- The Washington Times - Sunday, May 10, 2015

The three most recent entrants in the 2016 presidential race — Republicans Ben Carson, Mike Huckabee and Carly Fiorina — did their best on Sunday’s talk shows to stand out in a crowded GOP field by taking stances that break with party dogma.

Mrs. Fiorina went her own way on trade policy, Mr. Huckabee challenged the party’s reforms for Social Security, and Mr. Carson touted his outsider status and took a jab at America’s political class, saying they don’t understand “real life.”

In separate appearances on the TV shows, the three candidates showed that they are willing, and even eager, to shake up a Republican primary contest that often resembles a race to the far right.

Mrs. Fiorina, a former chief executive officer of Hewlett Packard Inc., said Republican leaders are wrong about wanting to give President Obama the authority to fast-track a massive trade deal with Pacific Rim countries. Though insisting that she supports free trade, she said she doesn’t trust Mr. Obama to make a good deal for the U.S.

“The devil is usually in the details, and that is particularly true with this president. The truth is we don’t know what’s in this deal,” Mrs. Fiorina said on NBC’s “Meet the Press.” “This administration unfortunately has a track record of burying things in fine print that turn out to be very different from [the president’s] selling points.”

The Senate is scheduled this week to take the first vote on fast-track authority, or trade promotion authority, which would make it much easier for the president to negotiate the 12-country Trans-Pacific Partnership (TPP) trade deal.


SEE ALSO: Carly Fiorina breaks with GOP on trade deal


The TPP is one of the few areas of agreement between the White House and the Republican-run Congress. But the deal is in jeopardy due to opposition by many Democrats who say it will result in more American jobs shipped overseas and undermine U.S. environmental laws.

Mrs. Fiorina said lawmakers simply don’t know enough about the deal to give Mr. Obama fast-track power, which would allow only an up-or-down vote on the deal and bar a Senate filibuster of it.

“I think the point is not that free trade is bad. Free trade is good for this nation,” Mrs. Fiorina said. “I think the point is what exactly is in this agreement.”

Mrs. Fiona, Mr. Huckabee and Mr. Carson last week threw their hats into a ring that is quickly becoming crowded with Republican presidential contenders.

They joined Sens. Ted Cruz of Texas, Rand Paul of Kentucky and Marco Rubio of Florida. Others, including former Florida Gov. Jeb Bush, are expected to enter the contest.

Mr. Huckabee, who ran for president in 2008 and won the Iowa Caucuses, has made the most dramatic break with GOP orthodoxy.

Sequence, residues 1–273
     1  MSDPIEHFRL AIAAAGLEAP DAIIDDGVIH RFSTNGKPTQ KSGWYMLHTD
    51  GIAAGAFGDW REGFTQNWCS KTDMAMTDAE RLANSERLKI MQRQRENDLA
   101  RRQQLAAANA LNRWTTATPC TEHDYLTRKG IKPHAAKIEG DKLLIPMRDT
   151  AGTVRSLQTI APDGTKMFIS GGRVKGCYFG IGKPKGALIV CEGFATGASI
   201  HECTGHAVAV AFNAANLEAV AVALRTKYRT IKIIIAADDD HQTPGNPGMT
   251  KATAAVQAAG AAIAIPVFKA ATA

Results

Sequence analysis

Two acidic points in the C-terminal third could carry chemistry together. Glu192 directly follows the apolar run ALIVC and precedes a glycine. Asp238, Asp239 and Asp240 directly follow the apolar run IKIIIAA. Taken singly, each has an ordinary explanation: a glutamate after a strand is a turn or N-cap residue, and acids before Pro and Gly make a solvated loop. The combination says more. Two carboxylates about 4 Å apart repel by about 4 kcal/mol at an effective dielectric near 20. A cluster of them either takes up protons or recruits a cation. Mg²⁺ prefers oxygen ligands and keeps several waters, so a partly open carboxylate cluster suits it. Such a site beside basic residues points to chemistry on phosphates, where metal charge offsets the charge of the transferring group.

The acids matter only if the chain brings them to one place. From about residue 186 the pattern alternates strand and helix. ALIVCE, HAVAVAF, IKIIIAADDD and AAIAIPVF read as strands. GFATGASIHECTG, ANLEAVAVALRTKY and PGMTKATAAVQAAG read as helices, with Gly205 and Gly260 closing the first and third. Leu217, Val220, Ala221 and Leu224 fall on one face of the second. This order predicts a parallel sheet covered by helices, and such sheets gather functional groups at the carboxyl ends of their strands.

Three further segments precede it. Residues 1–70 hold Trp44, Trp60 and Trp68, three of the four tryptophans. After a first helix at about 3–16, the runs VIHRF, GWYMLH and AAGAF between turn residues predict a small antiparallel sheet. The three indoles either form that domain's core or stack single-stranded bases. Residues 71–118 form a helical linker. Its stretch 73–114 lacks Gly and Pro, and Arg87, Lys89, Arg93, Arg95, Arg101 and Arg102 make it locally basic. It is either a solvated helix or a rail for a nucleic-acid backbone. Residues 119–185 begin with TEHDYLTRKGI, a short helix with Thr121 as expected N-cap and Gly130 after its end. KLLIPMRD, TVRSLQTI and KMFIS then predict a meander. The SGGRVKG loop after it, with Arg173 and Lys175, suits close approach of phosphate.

The former Arkansas governor decried Republican proposals to cut benefits or raise the retirement age for Social Security and transform Medicare into a voucher-style program — measures aimed at preventing the popular programs from going broke.

He said that critics who accuse him of sounding like a Democrat are wrong about him and the issue.

“I think I sounded more like an America,” Mr. Huckabee said on “Face the Nation” on CBS.

He said it is unfair to treat Social Security and Medicare as welfare programs when people have been forced to pay into the system for 50 years. He said that he has been paying into it since he got his first job at 14 years old.

“I understand the program has some real fiscal problems, but why would you punish the recipients who played by the rules they were forced to play by?” said Mr. Huckabee. “Social Security and Medicare are not voluntary programs.”

Still, his objections echoed those of Democrats who have made opposition to the GOP reforms a top issue in recent elections and have accused Republicans of abandoning the sick and elderly.

Mr. Huckabee said he would back some reforms to keep the program solvent, but he wouldn’t want to change the benefits or terms for anyone older than 14.

He blamed the programs’ problems on government mismanagement.

“I don’t think Americans believe that after having paid all these years that somehow the government that didn’t take good care of business is going to come in and say, ‘Yup, we’re going to make you pay for our sins.’ I just don’t think that is something most Americans are willing [to do],” said Mr. Huckabee.

Meanwhile, Mr. Carson, a retired pediatric neurosurgeon, set himself apart by boasting of his outsider status and “real life” experience.

“There have been many people who have been groomed to believe that experience can only come in the political arena, but I’ve got lots of experience — world experience,” he said on “Fox News Sunday.”

Conservatives have heralded Mr. Carson for making a name for himself outside of government, but he faces doubt about whether an outsider can win in presidential politics.

He pointed to his experience in putting together surgical teams for complex procedures, his running the nationwide Carson Scholarship Fund and his service on the boards of major corporations such as Kellogg’s and Costco.

Mr. Carson grew up in abject poverty in Detroit and went on to become a renowned brain surgeon who devised groundbreaking procedures, including performing the first successful separation of twins conjoined at the head.

“There’s real-life experience and there is politics,” he said. “There are some good people with political experience, but I’m not sure they, in many cases, understand real life.”

Copyright © 2019 The Washington Times, LLC. Click here for reprint permission.

The Washington Times Comment Policy

The Washington Times welcomes your comments on Spot.im, our third-party provider. Please read our Comment Policy before commenting.

 

Click to Read More and View Comments

Click to Hide